On the ensuing Denver possession, the Falcons defense stuffed Tatum Bell for no gain on 3rd and 1 from the 28 to stop the Broncos for a 3 and out. The Falcons got the ball back and Ryan threw to White for a 35 yard gain up the left sideline to the Denver 36 on the final play of the quarter.

2nd Quarter Comments: Well, the first quarter hadn’t started well but the Falcons had the momentum at the start of the 2nd quarter. On 3rd and 9 from the 35, Ryan felt pressure, looked as if he might have to take off and then right as he got to the line of scrimmage he fired complete to Jenkins and he got to the 20 for a 15 yard gain and a first down. The Broncos challenged but the call was upheld. Right now Ryan was getting it done on 3rd and long but the Falcons were still having trouble getting anything on the ground. That was quite disconcerting, as it had been a key to the Falcons’ success most of the time this year, particularly at home. On 3rd and 7 from the 17, Ryan’s short pass for Norwood fell incomplete and the Falcons had to send the field goal unit out again. Elam kicked the 36 yarder good to make it a 1 point game.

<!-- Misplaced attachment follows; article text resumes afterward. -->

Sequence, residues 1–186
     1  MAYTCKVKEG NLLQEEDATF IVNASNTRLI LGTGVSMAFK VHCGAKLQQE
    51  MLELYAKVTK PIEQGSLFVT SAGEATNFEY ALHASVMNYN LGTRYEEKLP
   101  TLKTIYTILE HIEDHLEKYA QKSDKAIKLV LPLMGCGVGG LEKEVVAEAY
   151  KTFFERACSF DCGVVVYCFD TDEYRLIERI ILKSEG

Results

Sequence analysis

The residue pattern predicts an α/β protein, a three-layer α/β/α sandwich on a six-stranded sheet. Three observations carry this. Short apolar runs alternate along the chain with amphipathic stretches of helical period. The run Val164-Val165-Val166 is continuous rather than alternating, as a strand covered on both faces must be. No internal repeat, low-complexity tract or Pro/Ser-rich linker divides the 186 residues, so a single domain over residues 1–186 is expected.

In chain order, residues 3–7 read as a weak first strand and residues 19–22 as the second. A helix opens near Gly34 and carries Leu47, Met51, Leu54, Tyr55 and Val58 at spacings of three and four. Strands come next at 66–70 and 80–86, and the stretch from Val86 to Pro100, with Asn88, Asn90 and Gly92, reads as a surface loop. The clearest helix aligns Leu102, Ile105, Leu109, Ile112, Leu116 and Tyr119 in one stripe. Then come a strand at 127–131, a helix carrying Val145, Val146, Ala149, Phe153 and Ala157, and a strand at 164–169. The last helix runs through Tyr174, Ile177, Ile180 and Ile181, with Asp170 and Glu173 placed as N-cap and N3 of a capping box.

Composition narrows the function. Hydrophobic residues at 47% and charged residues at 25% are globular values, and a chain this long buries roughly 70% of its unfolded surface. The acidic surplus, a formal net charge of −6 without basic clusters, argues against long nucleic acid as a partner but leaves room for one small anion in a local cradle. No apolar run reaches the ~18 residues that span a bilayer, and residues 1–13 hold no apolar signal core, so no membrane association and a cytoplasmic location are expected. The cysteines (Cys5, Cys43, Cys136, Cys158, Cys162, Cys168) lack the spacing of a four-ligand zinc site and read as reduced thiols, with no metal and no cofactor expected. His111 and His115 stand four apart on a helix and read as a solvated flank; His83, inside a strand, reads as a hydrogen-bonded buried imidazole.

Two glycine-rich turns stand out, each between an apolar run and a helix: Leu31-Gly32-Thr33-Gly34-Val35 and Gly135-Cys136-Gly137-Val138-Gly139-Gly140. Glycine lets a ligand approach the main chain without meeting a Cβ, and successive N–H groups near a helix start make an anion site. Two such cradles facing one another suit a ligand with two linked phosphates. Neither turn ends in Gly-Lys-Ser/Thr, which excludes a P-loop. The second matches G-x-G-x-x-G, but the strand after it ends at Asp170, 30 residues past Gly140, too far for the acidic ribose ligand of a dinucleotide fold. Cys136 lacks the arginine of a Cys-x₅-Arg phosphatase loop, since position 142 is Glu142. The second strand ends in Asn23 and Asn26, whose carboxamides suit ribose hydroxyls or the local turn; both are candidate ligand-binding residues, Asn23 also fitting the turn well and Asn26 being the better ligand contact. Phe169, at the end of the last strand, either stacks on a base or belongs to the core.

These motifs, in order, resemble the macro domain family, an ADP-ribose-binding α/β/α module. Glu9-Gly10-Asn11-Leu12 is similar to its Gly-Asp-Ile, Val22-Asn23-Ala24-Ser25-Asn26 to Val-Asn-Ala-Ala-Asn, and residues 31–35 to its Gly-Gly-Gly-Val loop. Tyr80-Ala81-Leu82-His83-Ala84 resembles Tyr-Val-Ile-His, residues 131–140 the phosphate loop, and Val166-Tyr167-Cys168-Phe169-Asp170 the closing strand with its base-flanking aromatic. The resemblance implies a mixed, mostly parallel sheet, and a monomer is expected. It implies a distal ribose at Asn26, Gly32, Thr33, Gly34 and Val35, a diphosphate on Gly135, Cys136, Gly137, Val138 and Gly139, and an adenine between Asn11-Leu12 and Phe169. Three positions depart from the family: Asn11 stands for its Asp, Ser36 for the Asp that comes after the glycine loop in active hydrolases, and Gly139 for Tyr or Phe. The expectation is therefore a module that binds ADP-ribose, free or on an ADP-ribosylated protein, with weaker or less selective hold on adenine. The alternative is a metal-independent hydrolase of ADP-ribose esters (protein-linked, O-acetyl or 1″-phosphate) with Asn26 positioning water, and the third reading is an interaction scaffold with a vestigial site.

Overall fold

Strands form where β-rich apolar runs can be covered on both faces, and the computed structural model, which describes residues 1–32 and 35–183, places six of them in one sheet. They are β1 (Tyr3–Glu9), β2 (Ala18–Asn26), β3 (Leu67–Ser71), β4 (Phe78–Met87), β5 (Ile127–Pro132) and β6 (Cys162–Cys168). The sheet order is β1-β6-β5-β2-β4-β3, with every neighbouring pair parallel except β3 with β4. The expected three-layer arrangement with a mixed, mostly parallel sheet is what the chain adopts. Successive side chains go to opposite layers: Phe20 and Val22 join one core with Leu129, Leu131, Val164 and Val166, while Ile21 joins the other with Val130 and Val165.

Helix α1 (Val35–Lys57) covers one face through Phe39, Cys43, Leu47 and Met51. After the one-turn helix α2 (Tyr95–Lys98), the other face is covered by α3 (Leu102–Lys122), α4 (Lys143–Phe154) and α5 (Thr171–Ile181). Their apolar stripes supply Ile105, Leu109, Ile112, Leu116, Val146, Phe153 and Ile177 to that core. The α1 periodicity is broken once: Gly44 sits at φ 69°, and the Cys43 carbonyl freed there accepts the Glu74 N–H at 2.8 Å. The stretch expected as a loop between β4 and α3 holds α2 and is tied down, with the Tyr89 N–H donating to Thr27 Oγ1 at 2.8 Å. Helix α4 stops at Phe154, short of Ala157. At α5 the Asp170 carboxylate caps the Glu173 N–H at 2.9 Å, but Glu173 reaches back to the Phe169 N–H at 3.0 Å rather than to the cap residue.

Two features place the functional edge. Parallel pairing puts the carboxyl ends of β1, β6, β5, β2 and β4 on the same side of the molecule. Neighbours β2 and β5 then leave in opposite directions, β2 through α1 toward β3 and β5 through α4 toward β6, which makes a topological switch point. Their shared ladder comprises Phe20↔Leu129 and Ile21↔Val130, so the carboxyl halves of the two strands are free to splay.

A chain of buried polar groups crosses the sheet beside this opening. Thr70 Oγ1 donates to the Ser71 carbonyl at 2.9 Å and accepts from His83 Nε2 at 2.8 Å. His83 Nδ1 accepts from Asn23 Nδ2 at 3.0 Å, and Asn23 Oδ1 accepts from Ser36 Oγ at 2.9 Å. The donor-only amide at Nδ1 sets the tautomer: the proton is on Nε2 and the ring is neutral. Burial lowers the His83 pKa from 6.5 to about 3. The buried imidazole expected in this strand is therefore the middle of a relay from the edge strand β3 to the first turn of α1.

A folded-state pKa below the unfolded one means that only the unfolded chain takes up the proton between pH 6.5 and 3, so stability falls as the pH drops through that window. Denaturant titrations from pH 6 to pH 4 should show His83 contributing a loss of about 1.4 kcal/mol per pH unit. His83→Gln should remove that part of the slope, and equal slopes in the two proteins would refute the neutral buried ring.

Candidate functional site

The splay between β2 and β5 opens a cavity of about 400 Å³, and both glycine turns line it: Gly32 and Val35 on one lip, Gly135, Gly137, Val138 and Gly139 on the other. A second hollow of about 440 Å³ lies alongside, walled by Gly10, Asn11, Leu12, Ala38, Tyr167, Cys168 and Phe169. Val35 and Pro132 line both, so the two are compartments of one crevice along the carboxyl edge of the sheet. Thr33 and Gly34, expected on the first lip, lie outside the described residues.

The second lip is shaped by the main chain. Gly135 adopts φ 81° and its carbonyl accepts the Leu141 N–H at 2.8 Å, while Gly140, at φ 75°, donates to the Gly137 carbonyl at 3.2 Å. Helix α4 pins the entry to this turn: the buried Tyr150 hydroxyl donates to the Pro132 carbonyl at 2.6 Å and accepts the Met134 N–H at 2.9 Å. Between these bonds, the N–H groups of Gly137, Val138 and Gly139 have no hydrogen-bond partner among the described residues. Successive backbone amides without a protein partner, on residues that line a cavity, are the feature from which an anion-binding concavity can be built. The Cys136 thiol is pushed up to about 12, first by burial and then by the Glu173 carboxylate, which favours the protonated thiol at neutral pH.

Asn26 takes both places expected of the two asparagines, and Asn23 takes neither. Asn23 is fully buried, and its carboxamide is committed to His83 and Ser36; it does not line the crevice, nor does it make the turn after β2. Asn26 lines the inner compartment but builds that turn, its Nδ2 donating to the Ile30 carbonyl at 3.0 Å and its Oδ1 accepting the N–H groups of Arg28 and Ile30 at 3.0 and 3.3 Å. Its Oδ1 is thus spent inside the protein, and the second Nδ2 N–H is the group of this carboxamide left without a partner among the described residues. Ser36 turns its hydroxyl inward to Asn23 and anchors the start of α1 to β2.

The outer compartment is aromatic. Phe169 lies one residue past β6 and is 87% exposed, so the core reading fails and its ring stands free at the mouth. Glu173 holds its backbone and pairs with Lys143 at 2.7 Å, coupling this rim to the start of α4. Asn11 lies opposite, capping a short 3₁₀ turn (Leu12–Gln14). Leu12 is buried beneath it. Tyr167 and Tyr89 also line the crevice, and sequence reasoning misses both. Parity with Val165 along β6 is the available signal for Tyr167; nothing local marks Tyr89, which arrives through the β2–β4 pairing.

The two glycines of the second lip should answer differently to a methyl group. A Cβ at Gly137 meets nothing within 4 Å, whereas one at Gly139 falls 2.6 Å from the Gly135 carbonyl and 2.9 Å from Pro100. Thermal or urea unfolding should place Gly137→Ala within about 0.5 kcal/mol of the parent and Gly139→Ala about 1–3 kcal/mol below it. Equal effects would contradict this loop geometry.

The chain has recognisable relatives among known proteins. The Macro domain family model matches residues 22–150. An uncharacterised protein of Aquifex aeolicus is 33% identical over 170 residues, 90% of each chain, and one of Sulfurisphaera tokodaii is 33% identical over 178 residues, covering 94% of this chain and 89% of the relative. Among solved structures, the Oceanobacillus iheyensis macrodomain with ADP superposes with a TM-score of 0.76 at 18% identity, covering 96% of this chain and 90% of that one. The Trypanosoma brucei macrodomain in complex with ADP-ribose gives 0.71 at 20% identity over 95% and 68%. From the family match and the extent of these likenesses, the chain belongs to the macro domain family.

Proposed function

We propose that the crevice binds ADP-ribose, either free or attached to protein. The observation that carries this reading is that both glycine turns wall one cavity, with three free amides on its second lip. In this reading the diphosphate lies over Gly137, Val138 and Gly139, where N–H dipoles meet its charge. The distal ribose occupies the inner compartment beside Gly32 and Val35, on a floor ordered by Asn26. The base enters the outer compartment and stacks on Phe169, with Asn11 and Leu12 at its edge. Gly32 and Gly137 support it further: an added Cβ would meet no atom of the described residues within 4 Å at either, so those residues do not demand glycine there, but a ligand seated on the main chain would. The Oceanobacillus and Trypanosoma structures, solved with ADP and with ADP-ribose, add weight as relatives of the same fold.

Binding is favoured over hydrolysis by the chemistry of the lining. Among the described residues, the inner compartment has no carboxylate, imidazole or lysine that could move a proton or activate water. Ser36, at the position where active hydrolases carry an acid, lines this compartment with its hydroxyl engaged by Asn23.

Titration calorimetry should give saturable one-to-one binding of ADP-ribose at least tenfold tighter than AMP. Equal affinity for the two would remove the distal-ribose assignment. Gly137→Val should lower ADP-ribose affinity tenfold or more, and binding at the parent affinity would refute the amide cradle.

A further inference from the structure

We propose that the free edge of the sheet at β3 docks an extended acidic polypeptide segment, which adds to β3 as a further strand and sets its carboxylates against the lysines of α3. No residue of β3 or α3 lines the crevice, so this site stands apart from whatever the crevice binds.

The Falcons had moved the ball on their last two drives but they’d had to settle for field goals. That’s the sort of thing that happened early in the game against the Bears and for a moment it looked like it would come back to haunt the Falcons until the 11-second miracle occurred. You knew this time they might not be as lucky, and although the Falcons had stopped Denver for a 3 and out on their last possession, I had a feeling that the Falcons would need more than field goals. That feeling got stronger when Eddie Royal took the ensuing kickoff 58 yards all the way to the Atlanta 38. But on 3rd and 3 from the 31, Cutler’s pass for Brandon Marshall was knocked down to make it 4th down and 3. I was a little surprised that the Broncos didn’t try to go for it but they decided to send out Matt Prater for a 49 yard field goal try. He missed it just wide left. This was a huge stand by the defense to turn the Broncos away for no points to negate the long kickoff return.